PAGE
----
Mackenzi underwent a successful bone marrow transplant at 19



Mackenzi celebrates two birthdays every year: One traditional birthday – she just turned 23 – and another to celebrate the anniversary of her successful bone marrow transplant at the age of 19. 

The two-time cancer survivor calls October 8th her “re-birthday.” That was the day, four years ago, when Mackenzi received a life-saving bone marrow transplant at Children’s Hospital Colorado that sent her leukemia into remission for good.

Devastating diagnosis

It’s been a long road for Mackenzi. Ten years ago, she was an all-star student, head of student council and captain of the cheerleading squad. But shortly after starting 8th grade, she started feeling sick.

After multiple trips to various doctors, Mackenzi was eventually referred to Children’s Colorado. At that point, she weighed less than 70 pounds and was constantly exhausted. After running some tests, doctors delivered the devastating news: Mackenzi had leukemia.

Mackenzi spent the next several months at the hospital, undergoing intensive radiation treatment. She slept for weeks on end, too weak to leave her room. It was a difficult time, but the staff at Children’s Colorado provided much-needed support.

“They made me feel really comfortable during an extremely hectic, terrifying time,” said Mackenzi.

Mackenzi responded well to the treatments. By her 14th birthday, her cancer had gone into remission. She was bald when she started her freshman year of high school, a side effect of the chemotherapy.

Relapse and rebirth

Five years later, Mackenzi was wrapping up her first year of college when she started feeling sick again. At age 19, she returned to Children’s Colorado for tests, where she discovered that her cancer had relapsed.

“I was thinking, ‘I’m not going back to school and I could die,” said Mackenzi.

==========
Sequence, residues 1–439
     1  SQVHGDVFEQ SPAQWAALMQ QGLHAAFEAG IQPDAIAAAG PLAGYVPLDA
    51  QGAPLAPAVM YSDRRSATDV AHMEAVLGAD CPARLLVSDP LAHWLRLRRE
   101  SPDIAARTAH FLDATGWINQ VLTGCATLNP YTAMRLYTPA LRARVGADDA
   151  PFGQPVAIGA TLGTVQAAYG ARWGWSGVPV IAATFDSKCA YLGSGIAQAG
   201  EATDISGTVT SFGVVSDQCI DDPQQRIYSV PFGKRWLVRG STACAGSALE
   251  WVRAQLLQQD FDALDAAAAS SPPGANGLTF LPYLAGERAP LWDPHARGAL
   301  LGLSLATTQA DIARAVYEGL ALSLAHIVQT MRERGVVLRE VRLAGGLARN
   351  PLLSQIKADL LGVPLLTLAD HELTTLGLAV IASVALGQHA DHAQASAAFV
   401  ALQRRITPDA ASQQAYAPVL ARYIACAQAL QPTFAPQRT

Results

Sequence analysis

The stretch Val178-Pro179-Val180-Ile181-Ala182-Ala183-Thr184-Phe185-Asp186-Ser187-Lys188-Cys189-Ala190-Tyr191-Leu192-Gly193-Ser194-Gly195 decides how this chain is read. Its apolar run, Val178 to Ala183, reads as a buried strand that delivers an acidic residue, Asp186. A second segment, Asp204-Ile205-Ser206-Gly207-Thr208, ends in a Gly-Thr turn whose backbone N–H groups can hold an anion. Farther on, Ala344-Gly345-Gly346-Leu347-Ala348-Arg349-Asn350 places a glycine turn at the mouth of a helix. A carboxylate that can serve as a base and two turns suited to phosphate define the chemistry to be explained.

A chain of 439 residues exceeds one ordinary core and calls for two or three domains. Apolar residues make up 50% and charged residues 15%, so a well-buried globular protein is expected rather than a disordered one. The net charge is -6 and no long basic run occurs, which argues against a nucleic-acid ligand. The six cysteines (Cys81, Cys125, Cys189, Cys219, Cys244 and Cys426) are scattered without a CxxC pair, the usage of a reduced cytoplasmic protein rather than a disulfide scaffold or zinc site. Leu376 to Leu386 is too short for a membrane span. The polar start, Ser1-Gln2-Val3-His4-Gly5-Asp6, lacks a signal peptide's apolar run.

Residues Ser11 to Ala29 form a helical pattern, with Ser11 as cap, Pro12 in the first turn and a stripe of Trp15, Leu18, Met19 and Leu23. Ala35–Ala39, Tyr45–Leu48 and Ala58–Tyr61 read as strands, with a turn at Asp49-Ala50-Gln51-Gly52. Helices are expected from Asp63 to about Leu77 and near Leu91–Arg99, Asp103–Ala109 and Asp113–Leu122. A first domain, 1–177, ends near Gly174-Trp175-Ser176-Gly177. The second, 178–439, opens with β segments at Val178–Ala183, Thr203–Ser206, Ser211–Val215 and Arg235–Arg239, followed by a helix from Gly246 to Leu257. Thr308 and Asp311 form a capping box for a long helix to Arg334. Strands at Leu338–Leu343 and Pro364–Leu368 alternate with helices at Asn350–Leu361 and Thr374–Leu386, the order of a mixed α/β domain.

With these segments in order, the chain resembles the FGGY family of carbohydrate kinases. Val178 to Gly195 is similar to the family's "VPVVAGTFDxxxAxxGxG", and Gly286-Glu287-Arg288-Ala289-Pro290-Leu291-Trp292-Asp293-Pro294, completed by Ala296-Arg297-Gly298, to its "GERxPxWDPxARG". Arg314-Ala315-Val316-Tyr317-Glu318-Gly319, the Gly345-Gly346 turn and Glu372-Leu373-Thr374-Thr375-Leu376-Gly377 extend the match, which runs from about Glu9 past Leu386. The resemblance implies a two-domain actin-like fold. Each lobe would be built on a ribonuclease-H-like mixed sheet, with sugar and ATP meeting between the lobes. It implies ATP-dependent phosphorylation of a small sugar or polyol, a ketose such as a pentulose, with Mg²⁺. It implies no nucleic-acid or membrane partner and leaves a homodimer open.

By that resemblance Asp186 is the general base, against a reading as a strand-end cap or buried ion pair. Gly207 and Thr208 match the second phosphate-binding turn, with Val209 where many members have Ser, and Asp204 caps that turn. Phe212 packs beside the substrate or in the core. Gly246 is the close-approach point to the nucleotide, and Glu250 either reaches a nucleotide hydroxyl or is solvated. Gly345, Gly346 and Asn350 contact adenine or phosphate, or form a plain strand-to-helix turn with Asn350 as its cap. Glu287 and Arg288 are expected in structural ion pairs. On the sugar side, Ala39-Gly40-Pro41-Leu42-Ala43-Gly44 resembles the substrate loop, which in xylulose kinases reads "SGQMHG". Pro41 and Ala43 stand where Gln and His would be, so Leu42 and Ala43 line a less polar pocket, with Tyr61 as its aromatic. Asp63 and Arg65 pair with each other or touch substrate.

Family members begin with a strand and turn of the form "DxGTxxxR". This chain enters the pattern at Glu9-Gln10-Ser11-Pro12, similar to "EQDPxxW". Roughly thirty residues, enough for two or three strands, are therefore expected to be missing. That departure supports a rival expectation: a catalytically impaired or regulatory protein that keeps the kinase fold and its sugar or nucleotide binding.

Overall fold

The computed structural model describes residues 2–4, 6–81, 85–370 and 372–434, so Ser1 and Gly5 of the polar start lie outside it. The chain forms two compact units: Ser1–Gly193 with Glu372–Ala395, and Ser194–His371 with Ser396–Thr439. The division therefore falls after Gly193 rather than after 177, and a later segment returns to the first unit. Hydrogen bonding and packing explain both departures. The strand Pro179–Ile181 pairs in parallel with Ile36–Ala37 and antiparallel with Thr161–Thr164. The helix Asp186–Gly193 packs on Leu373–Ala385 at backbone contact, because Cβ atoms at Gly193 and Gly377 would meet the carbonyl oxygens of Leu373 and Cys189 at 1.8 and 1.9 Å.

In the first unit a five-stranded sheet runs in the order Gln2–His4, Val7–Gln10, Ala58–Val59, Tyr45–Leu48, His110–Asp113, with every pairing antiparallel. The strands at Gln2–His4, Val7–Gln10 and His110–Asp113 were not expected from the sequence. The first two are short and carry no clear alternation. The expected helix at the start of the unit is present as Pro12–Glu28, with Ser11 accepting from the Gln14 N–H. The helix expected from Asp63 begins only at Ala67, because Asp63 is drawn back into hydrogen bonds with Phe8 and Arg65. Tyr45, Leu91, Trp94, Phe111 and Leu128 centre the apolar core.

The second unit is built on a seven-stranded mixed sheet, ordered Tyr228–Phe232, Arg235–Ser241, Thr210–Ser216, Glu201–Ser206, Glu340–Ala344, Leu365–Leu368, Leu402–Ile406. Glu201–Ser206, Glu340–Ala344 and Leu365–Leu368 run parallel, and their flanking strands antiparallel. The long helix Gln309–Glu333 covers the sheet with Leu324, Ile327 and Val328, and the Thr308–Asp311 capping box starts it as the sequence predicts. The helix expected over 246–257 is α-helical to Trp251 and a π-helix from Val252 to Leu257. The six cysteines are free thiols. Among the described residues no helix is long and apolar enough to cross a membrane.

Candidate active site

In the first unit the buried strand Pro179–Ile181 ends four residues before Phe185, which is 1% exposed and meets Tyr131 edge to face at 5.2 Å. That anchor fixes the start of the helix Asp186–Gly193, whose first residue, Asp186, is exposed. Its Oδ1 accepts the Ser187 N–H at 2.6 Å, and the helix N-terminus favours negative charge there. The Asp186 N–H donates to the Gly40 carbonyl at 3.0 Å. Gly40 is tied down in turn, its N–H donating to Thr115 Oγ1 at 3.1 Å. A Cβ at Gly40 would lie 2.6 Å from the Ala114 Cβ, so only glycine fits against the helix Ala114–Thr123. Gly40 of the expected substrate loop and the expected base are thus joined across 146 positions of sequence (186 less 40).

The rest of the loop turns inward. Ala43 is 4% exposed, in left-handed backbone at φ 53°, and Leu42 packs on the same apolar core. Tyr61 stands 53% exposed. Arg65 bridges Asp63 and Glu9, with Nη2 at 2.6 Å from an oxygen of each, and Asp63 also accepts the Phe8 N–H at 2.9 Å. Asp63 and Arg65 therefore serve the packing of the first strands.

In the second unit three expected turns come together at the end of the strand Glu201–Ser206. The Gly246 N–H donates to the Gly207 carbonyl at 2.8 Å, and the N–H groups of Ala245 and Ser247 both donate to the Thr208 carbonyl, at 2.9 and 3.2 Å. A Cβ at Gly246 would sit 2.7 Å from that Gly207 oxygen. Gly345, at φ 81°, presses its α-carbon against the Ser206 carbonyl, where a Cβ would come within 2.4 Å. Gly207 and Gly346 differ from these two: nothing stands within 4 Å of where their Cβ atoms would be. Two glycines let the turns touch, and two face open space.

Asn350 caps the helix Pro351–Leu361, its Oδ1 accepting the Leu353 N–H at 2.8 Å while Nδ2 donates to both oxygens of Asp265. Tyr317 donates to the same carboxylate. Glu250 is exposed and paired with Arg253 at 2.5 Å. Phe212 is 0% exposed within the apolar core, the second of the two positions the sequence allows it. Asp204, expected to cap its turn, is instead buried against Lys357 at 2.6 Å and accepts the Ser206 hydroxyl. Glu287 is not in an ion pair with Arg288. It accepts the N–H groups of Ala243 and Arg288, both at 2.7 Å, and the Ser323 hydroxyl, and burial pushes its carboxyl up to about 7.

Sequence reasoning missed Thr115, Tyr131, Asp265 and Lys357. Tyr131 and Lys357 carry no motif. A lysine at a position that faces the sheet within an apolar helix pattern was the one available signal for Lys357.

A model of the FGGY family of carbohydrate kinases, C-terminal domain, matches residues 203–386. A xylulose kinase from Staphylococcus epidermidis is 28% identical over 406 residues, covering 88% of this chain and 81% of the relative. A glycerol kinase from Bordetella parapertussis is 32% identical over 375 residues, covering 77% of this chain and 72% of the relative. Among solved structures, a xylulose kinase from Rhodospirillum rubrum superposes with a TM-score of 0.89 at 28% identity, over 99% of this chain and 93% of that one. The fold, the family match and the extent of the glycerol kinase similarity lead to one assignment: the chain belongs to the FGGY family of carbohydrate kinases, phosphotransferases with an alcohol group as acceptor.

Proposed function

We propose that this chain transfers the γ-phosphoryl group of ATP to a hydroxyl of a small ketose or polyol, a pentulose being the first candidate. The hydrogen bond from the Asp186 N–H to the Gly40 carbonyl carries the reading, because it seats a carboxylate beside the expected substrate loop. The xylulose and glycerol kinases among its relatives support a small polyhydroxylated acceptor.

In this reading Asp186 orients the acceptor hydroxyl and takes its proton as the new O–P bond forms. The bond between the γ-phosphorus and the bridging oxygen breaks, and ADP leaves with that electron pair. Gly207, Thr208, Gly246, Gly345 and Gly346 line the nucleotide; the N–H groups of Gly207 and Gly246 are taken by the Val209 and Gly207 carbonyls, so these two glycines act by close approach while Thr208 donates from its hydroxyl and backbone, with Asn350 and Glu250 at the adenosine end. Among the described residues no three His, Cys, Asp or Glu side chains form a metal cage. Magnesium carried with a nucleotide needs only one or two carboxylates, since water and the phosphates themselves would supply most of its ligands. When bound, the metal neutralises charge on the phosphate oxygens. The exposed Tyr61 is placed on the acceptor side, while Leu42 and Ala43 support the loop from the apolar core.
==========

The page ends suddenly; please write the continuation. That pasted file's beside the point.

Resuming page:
But Mackenzi’s treatment team at Children’s Colorado wasn’t giving up. They recommended a bone marrow transplant to give Mackenzi the best possible chance of survival. At her mother’s urging, Mackenzi finally agreed to move forward with the procedure. It was a life-saving decision.

Discovering dance

Mackenzi’s bone marrow transplant was a success, but the recovery process wasn’t easy. She was on isolation in the hospital for a month, unable to even leave her room due to infection precautions. That was when Mackenzi discovered the healing power of dance. As weak as she was, Mackenzi made it a point to get out of bed every day and spend some time dancing.

Four years later, Mackenzi is cancer free and still dancing. She returned to Colorado College, finished her degree and today dreams of becoming an elementary school teacher. She is also working to become a motivational speaker to inspire others who are battling cancer.

“I lived through this traumatic experience, and I am here still to talk and live and dance,” said Mackenzi. “I want to make other people aware that there is life after cancer.”

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